All posts tagged 'survey'

5 More Things ATC Wants You to Know

2 weeks ago we discussed the topic of tips from ATC. After surveying some air traffic controllers, they provided advice for talking on the radios and things they really dislike that pilots do.

Well, the feedback on this was so good I mentioned doing part two. So here it is! 


1) Emergency

If you're ever in distress for any reason, tell your controller. They can't help if they don't know what's going on. Maybe you have an electrical issue and are having to pop some circuit breakers before you get to the next assigned task or it's as drastic as losing an engine. But whatever the reason, even if it's not yet a full-blown emergency and you need some assistance from ATC, don't be afraid to just let them know.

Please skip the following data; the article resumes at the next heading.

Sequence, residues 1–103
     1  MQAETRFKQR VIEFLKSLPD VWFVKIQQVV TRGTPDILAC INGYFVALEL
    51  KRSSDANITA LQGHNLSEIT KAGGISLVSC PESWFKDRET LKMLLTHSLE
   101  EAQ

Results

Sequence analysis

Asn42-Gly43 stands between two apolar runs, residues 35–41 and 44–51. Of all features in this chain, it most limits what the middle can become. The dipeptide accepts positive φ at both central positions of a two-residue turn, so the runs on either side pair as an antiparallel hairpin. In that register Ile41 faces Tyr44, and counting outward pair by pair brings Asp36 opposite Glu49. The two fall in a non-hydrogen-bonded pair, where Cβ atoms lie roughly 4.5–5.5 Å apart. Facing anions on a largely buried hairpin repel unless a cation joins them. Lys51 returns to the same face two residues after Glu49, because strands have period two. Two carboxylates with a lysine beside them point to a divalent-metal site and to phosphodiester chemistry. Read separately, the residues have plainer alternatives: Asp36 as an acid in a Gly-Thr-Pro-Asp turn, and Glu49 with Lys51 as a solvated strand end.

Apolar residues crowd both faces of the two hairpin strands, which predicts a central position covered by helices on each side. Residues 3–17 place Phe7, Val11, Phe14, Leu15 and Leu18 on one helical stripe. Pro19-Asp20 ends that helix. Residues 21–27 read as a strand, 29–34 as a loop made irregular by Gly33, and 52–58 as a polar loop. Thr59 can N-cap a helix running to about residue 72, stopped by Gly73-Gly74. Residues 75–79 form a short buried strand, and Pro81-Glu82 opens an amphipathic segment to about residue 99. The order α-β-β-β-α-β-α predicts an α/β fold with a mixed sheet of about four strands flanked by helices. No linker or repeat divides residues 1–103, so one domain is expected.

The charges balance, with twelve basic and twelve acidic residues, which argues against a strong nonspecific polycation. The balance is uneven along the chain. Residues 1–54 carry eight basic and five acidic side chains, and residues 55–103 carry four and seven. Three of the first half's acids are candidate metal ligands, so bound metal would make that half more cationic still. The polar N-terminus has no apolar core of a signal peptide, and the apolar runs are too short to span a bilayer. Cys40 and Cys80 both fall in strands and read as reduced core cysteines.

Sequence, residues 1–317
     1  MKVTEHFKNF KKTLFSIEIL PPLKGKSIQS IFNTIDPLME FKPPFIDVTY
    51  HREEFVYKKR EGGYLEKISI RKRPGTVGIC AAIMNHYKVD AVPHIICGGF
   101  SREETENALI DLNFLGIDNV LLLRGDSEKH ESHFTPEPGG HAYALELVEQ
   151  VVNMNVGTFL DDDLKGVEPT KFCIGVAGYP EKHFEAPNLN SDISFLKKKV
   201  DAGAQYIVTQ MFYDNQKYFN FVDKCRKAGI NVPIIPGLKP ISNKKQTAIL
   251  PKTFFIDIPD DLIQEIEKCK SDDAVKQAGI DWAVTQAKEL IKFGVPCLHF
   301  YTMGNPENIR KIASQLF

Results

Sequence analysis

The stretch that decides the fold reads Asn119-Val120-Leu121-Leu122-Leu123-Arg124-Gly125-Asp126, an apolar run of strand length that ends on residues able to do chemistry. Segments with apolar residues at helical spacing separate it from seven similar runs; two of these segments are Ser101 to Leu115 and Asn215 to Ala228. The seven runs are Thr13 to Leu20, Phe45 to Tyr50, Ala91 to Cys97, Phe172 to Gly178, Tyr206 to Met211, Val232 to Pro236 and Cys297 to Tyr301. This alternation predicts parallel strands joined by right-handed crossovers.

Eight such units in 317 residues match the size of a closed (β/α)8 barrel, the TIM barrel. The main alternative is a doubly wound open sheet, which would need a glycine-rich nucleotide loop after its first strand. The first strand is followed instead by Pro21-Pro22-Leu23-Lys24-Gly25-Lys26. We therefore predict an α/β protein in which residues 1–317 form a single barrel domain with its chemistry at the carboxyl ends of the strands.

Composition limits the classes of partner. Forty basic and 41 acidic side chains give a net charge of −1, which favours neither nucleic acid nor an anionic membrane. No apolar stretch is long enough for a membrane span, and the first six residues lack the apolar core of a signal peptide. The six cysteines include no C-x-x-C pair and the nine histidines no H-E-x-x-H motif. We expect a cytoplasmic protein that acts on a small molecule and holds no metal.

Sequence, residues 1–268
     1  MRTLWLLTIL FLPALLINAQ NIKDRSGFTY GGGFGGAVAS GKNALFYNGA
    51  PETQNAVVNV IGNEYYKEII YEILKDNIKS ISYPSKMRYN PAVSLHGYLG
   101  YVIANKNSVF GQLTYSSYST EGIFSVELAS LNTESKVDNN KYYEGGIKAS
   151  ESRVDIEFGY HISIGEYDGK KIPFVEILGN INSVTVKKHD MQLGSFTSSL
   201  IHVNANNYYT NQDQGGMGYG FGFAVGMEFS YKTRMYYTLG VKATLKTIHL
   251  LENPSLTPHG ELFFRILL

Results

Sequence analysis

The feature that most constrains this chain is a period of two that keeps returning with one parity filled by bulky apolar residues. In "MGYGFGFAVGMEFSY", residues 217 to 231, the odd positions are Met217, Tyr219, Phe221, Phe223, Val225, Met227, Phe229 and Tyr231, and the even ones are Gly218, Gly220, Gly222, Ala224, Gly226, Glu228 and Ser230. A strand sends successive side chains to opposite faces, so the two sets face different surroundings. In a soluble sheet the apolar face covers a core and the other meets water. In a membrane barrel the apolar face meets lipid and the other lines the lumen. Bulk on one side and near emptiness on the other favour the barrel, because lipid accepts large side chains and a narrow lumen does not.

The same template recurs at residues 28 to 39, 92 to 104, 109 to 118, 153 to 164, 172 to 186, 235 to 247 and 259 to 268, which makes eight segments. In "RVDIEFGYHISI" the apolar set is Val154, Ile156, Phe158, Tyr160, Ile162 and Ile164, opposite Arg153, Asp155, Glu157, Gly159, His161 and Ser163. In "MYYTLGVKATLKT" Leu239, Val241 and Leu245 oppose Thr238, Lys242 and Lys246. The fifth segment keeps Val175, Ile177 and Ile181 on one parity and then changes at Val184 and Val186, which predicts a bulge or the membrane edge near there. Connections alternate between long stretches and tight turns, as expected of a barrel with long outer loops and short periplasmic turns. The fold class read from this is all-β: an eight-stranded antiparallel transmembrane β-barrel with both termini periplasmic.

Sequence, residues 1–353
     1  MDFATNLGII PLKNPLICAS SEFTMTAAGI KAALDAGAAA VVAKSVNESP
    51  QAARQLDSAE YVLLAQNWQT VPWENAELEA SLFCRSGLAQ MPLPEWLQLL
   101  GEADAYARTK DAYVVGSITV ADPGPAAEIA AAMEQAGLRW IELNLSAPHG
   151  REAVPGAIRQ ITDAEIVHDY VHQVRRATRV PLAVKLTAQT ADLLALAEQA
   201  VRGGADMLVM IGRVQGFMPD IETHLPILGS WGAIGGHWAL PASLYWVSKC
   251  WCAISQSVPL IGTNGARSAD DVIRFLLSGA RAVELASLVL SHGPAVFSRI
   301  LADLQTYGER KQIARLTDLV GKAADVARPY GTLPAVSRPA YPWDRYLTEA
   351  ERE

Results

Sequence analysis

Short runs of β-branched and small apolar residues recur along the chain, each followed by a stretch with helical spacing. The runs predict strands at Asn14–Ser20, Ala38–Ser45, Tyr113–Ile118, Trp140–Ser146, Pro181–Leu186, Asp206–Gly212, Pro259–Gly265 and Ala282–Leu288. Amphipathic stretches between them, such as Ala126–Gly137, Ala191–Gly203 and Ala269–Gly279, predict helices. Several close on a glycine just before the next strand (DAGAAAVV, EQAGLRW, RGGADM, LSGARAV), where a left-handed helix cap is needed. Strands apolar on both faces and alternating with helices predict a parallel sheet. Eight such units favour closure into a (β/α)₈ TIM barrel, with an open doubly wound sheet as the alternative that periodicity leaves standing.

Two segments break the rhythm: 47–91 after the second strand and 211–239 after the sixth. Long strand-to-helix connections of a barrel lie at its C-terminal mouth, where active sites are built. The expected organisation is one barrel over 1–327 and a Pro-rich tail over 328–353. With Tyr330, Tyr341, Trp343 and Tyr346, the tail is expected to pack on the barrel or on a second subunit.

2) Pop Up IFR

If you need a pop-up IFR, also sometimes referred to as a local IFR request, just ask for it. Some pilots will advise never to do that because it adds extra workload to controllers having to take that information from you, put it in the system then give you clearance. Sure, it does take a little extra time to do that work, but if you think it'll jeopardize safety, then do it. ATC would rather take the time to give you that clearance than you try and stay VFR and get into trouble. It truly only takes a few extra steps and if they aren't busy it isn't that big of a deal. Just have required information ready to read off such as name, phone number, the color of your aircraft, souls on board, fuel remaining, etc.

3) Request on Check In

When you're en-route and have a switch off between frequencies, most pilots' first instinct is to check in and advise of any requests they want then and there. "Center N224JW flight level 320 requesting direct destination."

Believe it or not, in most cases on that first initial check in with the new frequency, you're likely still in the last sector's airspace. This means for your new controller, most requests have to be called in and coordinated before authorizing it. So if you check in, it's busy, and you want to help ATC out, wait a minute or two before calling back if the request isn't urgent and you're more likely to get it off the bat.

4) Approach Check In